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The life and times of David Wojnarowicz

Fire in the Belly: the Life and Times of David Wojnarowicz - review.

Fire in the Belly: the Life and Times of David Wojnarowicz
Cynthia Carr
Bloomsbury, 624pp, £25

You might not be able to pronounce his name but you’ve almost certainly seen at least one piece of work by the artist, performer and Aids activist David Wojnarowicz. In 1992, a few months before his death at the age of 37, U2 used his image of a herd of buffalo falling off a cliff for the cover of their single One.

In his notes on the piece, Wojnarowicz wrote of “a sense of impending collision contained in this acceleration of speed within the structures of civilisation”. He might not have been thinking directly of the disease that would kill him but all his life he’d been acutely aware of lethal forces at work in America’s so-called civilisation.

Tall, rangy and bespectacled, with prominent teeth and a ferocious temper, Wojnarowicz was a star of the East Village art scene of the 1980s – the same creative community that made Keith Haring and Jean-Michel Basquiat household names. His early works were rough-edged, political and deliberately provocative. He dumped shrink-wrapped cow bones on the stairways of prestigious galleries and released “cock-a-bunnies” (cockroaches in homemade rabbit drag) during group shows from which he’d been excluded.

Long before he’d joined a gallery, he made art in the abandoned Hudson River piers that he’d come across while cruising. Until they were torn down, he treated the piers as makeshift studio-cum-exhibition spaces, spray-painting poems and hybrid creatures in the derelict rooms where men came for sex.

His was the kind of life that people like to describe as colourful, which is to say indigent and chaotic, and he was often at risk of physical harm. As a small boy, he and his siblings were kidnapped by their father, a violent alcoholic. Escaping to his mother in Manhattan provided only temporary respite. By his mid-teens, Wojnarowicz was a semi-homeless hustler, turning tricks for food money in Times Square.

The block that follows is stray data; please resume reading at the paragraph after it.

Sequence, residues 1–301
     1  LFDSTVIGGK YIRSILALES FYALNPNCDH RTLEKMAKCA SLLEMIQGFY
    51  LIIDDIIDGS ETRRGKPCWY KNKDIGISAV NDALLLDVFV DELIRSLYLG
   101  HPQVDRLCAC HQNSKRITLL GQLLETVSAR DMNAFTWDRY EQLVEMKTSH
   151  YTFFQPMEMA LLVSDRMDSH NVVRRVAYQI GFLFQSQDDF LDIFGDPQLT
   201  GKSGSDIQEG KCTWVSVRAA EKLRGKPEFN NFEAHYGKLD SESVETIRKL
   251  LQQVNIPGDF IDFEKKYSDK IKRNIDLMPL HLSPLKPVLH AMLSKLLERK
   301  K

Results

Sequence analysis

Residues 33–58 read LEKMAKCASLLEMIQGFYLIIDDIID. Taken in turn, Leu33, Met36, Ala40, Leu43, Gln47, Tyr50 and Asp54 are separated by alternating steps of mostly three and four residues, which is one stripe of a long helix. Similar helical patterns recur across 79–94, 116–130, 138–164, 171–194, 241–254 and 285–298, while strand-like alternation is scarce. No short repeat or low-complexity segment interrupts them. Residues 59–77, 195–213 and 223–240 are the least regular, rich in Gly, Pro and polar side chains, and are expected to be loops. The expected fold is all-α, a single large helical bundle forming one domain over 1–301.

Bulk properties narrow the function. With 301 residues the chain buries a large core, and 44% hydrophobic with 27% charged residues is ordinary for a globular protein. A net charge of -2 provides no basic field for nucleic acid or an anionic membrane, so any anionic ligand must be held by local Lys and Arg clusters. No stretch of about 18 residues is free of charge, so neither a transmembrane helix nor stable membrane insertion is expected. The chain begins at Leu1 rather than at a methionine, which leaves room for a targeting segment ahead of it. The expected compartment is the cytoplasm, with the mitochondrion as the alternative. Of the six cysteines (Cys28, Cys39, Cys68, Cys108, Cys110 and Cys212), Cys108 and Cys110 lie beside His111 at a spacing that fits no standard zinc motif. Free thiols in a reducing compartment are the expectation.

These formative experiences left him with a profound and understandable mistrust of mainstream society. He was fiercely private (most of his friends never knew of the existence, let alone identity, of his long-term boyfriend) and subject throughout his life to fits of rage. He was also almost magically creative, making films and installations, taking photographs, writing books and producing art right through to his final weeks.

Though she maintains a discreet presence in these pages, Cynthia Carr could hardly be better placed as a chronicler of Wojnarowicz’s times as well as his life. She was a close friend and from 1984 to 2003 reported on performance art for the newspaper Village Voice. As such, her depiction of the filthy, dangerous, explosively creative New York of the 1980s has all the force of personal revelation. She conjures a lost world of drag queens and Danceteria busboys, of pop-up galleries in abandoned buildings, with people queuing for heroin right down the street.

The scene was short-lived, burning out almost as soon as it had been ignited. The galleries drove the prices up, opening the way for the yuppification of downtown Manhattan. At the same time, people in the creative community began to die of a disease known first as the gay cancer, then Grid (gay-related immune deficiency), before assuming its current acronym, Aids, in 1982.

Carr’s account of this growing crisis is devastating. She reports on bureaucratic mismanagement and institutionalised homophobia; on a healthy, thriving community transformed in a matter of years into one of invalids, caregivers and professional elegists.

Wojnarowicz was diagnosed in 1988, shortly after the death of his closest friend, the photographer
Peter Hujar. As a person with Aids, he poured his articulacy and fury into public performances about the state-sponsored murder of a people whom America had always failed to embrace.

Shortly after his diagnosis, he found himself dragged on to the front line of the “culture wars”, the long-running battle between liberals and Republicans over the public funding of art. Like the photographer Robert Mapplethorpe, he became a target because his work showed images of gay sex and what could, to the thin-skinned, be construed as anti-religious iconography. Even as he was dying, he continued to fight in the courts and on the streets for  the right to exist as a man who desired men.

This is a remarkable biography. Carr seems to have had access to every mysterious corner of Wojnarowicz’s life. She charts his dreams, the mythic register of his paintings, the contents of his rows. He doesn’t emerge so much as storm on to the page: a gigantic figure, courageous, complex and profoundly embattled, whose ashes, I am glad to say, were scattered on the White House lawn, where it is hoped they’ll nourish an altogether more equitable America.

Olivia Laing is the author of “To the River: a Journey Beneath the Surface” (Canongate, £8.99)

This article first appeared in the 19 November 2012 issue of the New Statesman, The plot against the BBC